Canada's labels slam proposed digital 'tax'

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Rush
1/6/08 11:51:35PM
Source


TORONTO (Billboard) - A revolutionary plan that would effectively legitimize file-sharing here has been slammed as "a pipe dream" by Canadian labels.

The Songwriters Assn. of Canada proposes to allow domestic consumers access to all recorded music available online in return for adding a $5 Canadian ($4.96) monthly fee to every wireless and Internet account in the country.

The SAC claims that the proposal, which has been presented to labels' bodies the Canadian Record Industry Assn. (CRIA) and Canadian Independent Record Production Assn. as well as publishers' groups, would raise approximately $1 billion Canadian ($993 million) annually. Although the SAC does not detail how revenue would be collected and distributed, it says it would go to artists, labels and publishers.

The idea doesn't strike a chord with everyone. The SAC proposal "would signal the death of paid music services in Canada," said Alistair Mitchell, CEO of Canadian music service Puretracks. "It would be saying we're just giving up on developing new models. The concept is so flawed, I don't know where to start."

"This proposal is incredibly well thought out and well constructed," acting SAC president Eddie Schwartz said. Producer/songwriter Schwartz, whose songs have been performed by Joe Cocker, Pat Benatar and Donna Summer, says the scheme would "allow people to gain access to the entire repertoire of Western music" for only $60 Canadian per year.

That, he added, "amounts to $0.16 ($0.159) per day. (Which) seems like a pretty good deal." Schwartz said it's unlikely that users with both a wireless phone and an Internet account would have to pay twice for access.

MANY HURDLES TO CLEAR

The Canadian Wireless Telecommunications Assn. estimates that Canada had 18.5 million wireless phone users and 7 million residential Internet users at the end of 2006. In 2006, according to the International Federation of the Phonographic Industry, the trade value of recorded music fell 9.1 percent to $598.7 million Canadian ($529.8 million); CDs accounted for 85 percent of that total.

CRIA president Graham Henderson said he has discussed the plan with Schwartz, but his organization is reluctant to become involved. "We don't want to pursue what amounts to a pipe dream that is presented as a quick fix," he said. "We'll lose focus on the real issues that will help us resolve the industry's problems."

Schwartz said he has received positive feedback from consumer groups. But he noted that the plan would require clearance from the Copyright Board of Canada, and the SAC has not yet taken the concept to the regulatory body.

The SAC also has yet to present its proposal to Canadian Internet service providers, although some are dismissive of the plan.

"It appears (the SAC) would ask wireless carriers and ISPs to collect this surcharge on their behalf," said a spokesman for Bell Canada, one of the country's largest telecommunications companies and the majority owner of Puretracks. "(That) would not go over well with our client base, especially with the large number already signed up for our (legal) mobile and online music services."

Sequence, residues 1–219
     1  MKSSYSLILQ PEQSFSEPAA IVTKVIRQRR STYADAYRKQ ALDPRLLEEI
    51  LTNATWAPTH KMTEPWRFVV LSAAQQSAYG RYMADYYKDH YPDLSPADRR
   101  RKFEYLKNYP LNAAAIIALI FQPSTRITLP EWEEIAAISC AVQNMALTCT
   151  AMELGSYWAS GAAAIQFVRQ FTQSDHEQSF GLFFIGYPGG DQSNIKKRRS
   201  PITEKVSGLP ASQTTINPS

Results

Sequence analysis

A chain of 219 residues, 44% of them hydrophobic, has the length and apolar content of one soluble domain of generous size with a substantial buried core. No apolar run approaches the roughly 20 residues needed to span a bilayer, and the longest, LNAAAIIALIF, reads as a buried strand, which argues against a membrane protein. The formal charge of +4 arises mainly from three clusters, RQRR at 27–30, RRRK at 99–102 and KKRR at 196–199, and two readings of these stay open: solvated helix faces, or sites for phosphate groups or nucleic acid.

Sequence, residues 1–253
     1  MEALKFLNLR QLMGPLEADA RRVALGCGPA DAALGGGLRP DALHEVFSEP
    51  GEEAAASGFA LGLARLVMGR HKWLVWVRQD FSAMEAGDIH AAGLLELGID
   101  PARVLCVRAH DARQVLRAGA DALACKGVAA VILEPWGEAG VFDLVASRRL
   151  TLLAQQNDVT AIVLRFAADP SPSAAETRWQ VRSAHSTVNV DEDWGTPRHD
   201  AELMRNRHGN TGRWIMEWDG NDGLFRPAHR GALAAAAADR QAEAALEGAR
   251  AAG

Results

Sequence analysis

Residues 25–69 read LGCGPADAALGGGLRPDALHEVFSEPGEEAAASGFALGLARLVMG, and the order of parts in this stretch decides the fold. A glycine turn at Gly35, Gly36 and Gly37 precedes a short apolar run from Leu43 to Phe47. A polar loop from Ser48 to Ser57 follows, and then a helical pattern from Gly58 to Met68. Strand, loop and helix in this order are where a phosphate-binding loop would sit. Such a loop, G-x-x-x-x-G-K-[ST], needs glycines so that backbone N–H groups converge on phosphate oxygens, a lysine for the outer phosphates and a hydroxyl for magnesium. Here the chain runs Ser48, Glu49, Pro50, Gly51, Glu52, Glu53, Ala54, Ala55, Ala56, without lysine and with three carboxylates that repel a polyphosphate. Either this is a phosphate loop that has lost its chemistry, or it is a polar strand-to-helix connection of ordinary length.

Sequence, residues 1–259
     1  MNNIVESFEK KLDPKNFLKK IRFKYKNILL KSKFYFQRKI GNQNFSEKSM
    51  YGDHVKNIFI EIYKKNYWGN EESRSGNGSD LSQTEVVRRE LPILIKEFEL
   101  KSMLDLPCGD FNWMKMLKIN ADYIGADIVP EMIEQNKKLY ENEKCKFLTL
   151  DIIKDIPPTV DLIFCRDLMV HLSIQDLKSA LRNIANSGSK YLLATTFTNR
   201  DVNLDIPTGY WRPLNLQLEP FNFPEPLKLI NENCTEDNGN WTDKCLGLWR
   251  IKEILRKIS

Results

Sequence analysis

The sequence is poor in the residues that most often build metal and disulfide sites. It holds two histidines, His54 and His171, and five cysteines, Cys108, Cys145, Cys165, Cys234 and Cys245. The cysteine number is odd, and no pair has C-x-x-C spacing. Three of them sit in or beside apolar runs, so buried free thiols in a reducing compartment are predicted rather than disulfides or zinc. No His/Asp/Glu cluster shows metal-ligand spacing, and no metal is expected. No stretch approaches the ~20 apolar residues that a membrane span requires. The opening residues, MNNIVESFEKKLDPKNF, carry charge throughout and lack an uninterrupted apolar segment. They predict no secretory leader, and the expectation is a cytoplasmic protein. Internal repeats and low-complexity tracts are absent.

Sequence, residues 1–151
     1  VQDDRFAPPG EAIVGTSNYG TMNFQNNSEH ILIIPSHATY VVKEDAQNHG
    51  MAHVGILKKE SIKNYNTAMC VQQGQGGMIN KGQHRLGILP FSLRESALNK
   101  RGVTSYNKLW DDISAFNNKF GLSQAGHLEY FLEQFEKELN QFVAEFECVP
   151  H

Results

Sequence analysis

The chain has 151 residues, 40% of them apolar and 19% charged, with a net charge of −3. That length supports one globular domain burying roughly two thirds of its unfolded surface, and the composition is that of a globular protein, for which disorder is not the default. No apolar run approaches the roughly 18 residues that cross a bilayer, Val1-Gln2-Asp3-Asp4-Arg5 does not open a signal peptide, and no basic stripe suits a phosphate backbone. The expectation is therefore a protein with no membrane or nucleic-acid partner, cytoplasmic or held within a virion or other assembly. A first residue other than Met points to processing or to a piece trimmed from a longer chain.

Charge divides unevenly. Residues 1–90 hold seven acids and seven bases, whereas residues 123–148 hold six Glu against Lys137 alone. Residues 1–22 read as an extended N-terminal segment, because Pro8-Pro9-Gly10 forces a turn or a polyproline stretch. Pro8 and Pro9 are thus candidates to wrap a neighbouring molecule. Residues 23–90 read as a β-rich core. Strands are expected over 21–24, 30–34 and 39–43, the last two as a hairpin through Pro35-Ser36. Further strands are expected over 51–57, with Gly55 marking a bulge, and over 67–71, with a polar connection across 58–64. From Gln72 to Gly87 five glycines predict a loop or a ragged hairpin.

The Supreme Court of Canada ruled in 2004 that ISPs are not responsible for the actions of clients using their Internet services. One senior source at a Canadian ISP said, "ISPs are not required to -- nor would they -- police this kind of usage. Nor would they charge, collect and remit what is in essence a tax."

However, the proposal has received support from the Canadian Music Creators Coalition, a group of 187 acts, including the Barenaked Ladies and Avril Lavigne.

Artist Andrew Cash described the SAC suggestion in a statement on behalf of the CMCC as "the first progressive proposal we've seen in Canada to address file-sharing."

Reuters/Billboard

tuvok500
1/7/08 12:14:35AM
LOL !!

if Avril and 186 others artists agreed it most me good !! lol



Rush
1/7/08 9:27:42AM
I look at it this way. There are so many things wrong with this proposal, I can't list them all. The bottom line is that you are forcing people to pay for something that many don't use.
cmill21
1/7/08 3:03:55PM

Posted by Rush

I look at it this way. There are so many things wrong with this proposal, I can't list them all. The bottom line is that you are forcing people to pay for something that many don't use.



Exactly they should make it an option, with a 1 IP restriction.
Evilwig
1/7/08 4:23:20PM

Posted by Rush

I look at it this way. There are so many things wrong with this proposal, I can't list them all. The bottom line is that you are forcing people to pay for something that many don't use.



Can you name one person who never downloaded music off the internet.
I think that it's a valid proposition, music distribution need to setup a new distribution process. I don't want to buy full album and l don't to have to store a cd too...
TNunley
1/7/08 4:26:16PM

Posted by Evilwig

Can you name one person who never downloaded music off the internet.